Stella Owen Simmons’ Cane Creek Applesauce Cake
1 ½ sticks butter, softened
1 ¼ cups sugar
3 cups flour
1 tsp. salt
1 ½ tsp. baking soda
1 ½ tsp. cinnamon
1 tsp. cloves
3 cups hot applesauce
½ cup pecans or walnuts, chopped
1 cup raisins
Preheat oven to 350 deg. F. Soak raisins in boiling water to cover (Optional: add ¼ cup brandy to the water while soaking). Cream butter and sugar; add eggs. Stir together flour, salt, soda, cinnamon, and cloves. Add dry ingredients to creamed mixture, stirring until well blended (it will be stiff). Slowly add hot applesauce and blend well. Drain raisins; fold raisins and nuts into batter. Bake for 45 to 60 min in a greased, floured tube or bundt pan, until a toothpick inserted near the center comes out clean. Cool on rack for five min; remove from pan and cool completely.
I am Dr. Gail Simmons, a member of the Biology Department at Manhattanville and Provost for the past three years. My grandmother and grandfather, Stella Owen Simmons and Glenn Simmons, both were born and raised on farms in southern Indiana, near the town of French Lick (which, by the way, is where Barnum and Bailey’s circus used to overwinter). This recipe came from Stella's family -- as the youngest of 13 children, she spent a great deal of time doing chores, babysitting and cooking while her older siblings were working the farm and starting their own families.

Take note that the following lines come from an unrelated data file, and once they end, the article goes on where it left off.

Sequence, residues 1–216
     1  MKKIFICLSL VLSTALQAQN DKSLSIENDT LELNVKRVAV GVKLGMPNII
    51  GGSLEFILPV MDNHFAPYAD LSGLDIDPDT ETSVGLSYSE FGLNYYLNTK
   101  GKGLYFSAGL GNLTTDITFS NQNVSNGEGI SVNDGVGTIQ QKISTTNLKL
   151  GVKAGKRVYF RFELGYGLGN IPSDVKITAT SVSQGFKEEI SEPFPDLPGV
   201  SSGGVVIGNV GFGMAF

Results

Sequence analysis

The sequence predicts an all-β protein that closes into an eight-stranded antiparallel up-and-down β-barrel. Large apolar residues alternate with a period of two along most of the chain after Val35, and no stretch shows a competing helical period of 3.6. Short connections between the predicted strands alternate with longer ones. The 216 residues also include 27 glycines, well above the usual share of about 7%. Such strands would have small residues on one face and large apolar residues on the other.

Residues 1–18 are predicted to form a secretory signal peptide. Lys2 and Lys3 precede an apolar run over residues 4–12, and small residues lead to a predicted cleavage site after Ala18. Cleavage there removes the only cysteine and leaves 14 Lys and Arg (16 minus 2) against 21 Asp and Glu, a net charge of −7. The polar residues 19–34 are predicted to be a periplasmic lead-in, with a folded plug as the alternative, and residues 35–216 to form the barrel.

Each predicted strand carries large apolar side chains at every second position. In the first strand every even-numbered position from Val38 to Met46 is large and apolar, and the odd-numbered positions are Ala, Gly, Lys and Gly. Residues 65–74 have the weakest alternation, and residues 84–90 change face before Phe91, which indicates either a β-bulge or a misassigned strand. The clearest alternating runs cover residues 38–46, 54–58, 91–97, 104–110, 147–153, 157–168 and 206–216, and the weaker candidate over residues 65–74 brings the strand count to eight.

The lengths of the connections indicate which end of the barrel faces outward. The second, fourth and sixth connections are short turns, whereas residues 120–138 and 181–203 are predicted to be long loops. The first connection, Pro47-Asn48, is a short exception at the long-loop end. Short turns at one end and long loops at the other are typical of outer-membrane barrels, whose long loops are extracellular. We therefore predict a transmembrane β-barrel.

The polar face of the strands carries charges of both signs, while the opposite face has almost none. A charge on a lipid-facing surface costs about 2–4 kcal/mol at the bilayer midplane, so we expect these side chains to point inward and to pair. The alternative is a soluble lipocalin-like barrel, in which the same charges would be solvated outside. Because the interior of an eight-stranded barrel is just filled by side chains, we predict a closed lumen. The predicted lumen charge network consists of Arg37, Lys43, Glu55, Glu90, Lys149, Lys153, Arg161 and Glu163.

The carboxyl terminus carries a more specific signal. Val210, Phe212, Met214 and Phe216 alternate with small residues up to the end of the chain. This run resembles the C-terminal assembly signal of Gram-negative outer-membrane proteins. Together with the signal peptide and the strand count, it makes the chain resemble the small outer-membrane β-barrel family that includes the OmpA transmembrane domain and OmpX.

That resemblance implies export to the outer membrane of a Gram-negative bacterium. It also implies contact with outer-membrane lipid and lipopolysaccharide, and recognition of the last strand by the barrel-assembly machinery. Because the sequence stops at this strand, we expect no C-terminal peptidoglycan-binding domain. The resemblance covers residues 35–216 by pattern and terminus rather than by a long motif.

My grandmother baked it for my father and uncle often when they were growing up, and it became my father’s favorite cake during World War II, when he served under Army Gen. Joe Stilwell in the China-Burma-India Theatre of Operations. Stella used to bake this cake and then douse it with brandy while it was still warm, let it cool, wrap it in waxed paper and foil, and mail it to my father in Burma. Despite the month-long trans-oceanic voyage, it always arrived moist and delicious. My father had to hide it from his army buddies if he wanted any for himself. I learned to make this recipe from my grandmother when I was a girl, and it remains one of my favorites. It was also a surefire way to make my dad smile even on his grumpiest days.